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Phys Med Biol. 2005 May 21;50(10):2193-207. Epub 2005 Apr 27.

An inter-laboratory comparison study of image quality of PET scanners using the NEMA NU 2-2001 procedure for assessment of image quality.

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  • 1Center for Biomedical Engineering and Physics, Medical University Vienna, Austria.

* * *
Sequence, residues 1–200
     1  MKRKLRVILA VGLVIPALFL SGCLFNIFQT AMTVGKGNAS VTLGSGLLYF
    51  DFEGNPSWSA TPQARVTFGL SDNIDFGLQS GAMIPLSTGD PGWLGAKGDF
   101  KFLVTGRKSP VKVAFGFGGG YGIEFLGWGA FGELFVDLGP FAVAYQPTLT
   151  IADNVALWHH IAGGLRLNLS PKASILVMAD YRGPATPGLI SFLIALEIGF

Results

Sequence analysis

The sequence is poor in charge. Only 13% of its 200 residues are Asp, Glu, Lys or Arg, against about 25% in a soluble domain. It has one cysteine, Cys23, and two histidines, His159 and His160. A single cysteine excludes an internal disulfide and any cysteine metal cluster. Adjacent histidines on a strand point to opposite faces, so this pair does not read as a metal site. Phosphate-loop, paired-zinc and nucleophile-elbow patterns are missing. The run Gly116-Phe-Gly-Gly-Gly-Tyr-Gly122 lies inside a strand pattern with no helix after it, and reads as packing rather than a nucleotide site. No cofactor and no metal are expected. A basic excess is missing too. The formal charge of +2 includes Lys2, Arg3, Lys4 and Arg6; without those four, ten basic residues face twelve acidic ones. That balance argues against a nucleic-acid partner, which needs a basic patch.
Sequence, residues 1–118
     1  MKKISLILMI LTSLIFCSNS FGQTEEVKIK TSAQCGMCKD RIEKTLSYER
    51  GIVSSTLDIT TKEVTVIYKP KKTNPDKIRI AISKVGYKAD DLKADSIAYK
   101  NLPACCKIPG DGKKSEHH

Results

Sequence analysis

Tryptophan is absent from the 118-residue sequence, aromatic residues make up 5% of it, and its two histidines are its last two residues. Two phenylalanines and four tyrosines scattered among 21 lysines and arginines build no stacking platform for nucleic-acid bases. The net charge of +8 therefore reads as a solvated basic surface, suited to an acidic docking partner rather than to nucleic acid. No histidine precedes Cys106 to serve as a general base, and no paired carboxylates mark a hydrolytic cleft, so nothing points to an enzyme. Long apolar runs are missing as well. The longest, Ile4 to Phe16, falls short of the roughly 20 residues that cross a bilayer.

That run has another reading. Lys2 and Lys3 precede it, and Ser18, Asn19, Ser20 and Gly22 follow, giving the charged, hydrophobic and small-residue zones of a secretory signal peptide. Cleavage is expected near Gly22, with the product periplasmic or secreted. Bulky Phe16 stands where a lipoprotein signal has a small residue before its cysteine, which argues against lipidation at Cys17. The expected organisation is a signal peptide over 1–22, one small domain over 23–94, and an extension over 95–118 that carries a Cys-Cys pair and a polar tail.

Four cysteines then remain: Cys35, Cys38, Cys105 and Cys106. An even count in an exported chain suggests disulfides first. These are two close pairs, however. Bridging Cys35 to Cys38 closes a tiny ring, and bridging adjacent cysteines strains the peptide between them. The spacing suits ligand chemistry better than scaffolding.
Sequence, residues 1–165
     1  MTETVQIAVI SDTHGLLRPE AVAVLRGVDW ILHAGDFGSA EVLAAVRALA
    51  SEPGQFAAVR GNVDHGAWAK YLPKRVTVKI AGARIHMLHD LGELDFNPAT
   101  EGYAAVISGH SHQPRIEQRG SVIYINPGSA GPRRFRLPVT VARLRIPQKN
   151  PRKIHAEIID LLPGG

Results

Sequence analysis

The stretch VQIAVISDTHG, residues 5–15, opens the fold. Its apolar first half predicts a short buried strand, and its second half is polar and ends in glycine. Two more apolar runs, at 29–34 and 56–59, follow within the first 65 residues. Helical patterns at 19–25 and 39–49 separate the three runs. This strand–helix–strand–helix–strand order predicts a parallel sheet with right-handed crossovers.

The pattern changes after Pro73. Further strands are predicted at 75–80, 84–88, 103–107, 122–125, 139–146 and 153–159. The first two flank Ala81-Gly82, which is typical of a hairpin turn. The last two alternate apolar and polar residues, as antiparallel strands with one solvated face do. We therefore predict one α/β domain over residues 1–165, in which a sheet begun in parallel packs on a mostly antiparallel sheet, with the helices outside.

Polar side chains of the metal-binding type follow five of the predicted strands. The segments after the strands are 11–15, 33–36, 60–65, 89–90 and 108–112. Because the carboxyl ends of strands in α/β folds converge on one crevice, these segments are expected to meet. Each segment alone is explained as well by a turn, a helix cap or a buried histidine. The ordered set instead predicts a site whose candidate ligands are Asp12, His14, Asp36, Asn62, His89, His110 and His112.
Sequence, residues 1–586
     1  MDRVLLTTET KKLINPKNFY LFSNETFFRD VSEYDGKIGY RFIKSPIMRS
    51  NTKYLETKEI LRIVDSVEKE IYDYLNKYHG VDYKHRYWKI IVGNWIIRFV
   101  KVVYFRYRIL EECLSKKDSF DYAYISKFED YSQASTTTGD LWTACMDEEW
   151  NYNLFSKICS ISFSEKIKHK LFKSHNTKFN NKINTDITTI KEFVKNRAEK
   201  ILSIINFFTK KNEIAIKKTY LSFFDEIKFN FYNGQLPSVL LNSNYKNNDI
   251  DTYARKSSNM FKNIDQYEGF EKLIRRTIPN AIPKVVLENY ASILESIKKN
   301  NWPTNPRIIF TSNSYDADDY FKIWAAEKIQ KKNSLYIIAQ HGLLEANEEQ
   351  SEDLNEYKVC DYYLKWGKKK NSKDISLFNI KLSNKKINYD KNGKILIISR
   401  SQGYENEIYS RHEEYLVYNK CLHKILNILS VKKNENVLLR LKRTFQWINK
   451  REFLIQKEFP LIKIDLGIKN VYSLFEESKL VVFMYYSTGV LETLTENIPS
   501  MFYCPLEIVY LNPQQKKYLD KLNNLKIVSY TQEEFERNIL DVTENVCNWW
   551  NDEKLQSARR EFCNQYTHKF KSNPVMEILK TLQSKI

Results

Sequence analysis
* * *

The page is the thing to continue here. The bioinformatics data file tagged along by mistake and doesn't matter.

An inter-laboratory comparison study was conducted to assess the image quality of PET scanners in Austria. The survey included both dedicated PET scanners (D-PET, n = 8) and coincidence cameras (GC-PET, n = 7). Measurement of image quality was based on the NEMA (National Electrical Manufacturers Association) NU 2-2001 protocol and the IEC (International Electrotechnical Commission) body phantom. The latter contains six fillable spheres ranging in diameter from 37 mm down to 10 mm and a 'lung' insert. The two largest lesions L1-2 simulate cold lesions, the four smaller ones (L3-6) are filled with 18F and activity concentration ratios relative to background of 8:1 and 4:1, respectively. Acquisition and reconstruction in the study employed the participating institutes' standard oncological processing protocol. Calculation of contrast of the spheres was performed with a fully automated procedure. Contrast quality indices (CQIs) reflecting global performance were obtained by summing individual contrast values. Other image quality parameters calculated according to the NEMA protocol were background variability and relative error for correction of attenuation and scatter. Contrast values obtained were 61 +/- 16 and 37 +/- 14 for L1 (per cent contrast +/- SD for D-PET and GC-PET, respectively), 57 +/- 16 and 29 +/- 16 for L2, 46 +/- 10 and 26 +/- 6.3 for L3, 37 +/- 10 and 15 +/- 4.3 for L4, 26 +/- 11.5 and 6.1 +/- 2.5 for L5, 14 +/- 7.1 and 2.6 +/- 2.6 for L6, with D-PET systems consistently being superior to GC-PET systems. CQIs permitted ranking of the scanners, also demonstrating a clear distinction between D-PET and GC-PET systems. Background variability was largest for GC-PET systems; the relative error of attenuation and scatter correction was significantly correlated with image quality for D-PET systems only. The study demonstrated considerable differences in image quality not only between GC-PET and D-PET systems but also between individual D-PET systems with possible consequences for clinical interpretation of images and measurement of quantitative indices such as the standardized uptake value. The study provided valuable feedback to the participants as well as baseline data for improving interchangeability of PET images and of quantitative indices between different laboratories.

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